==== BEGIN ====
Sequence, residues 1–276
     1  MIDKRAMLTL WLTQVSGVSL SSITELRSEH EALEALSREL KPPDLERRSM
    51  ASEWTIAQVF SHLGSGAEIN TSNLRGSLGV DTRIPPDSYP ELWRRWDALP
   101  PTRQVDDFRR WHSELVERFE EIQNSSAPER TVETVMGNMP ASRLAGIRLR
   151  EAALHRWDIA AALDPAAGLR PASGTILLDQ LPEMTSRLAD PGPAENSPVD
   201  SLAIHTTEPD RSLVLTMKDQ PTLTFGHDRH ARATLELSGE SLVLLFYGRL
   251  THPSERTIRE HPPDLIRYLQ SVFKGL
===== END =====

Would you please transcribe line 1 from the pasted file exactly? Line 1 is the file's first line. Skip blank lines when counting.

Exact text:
Sequence, residues 1–276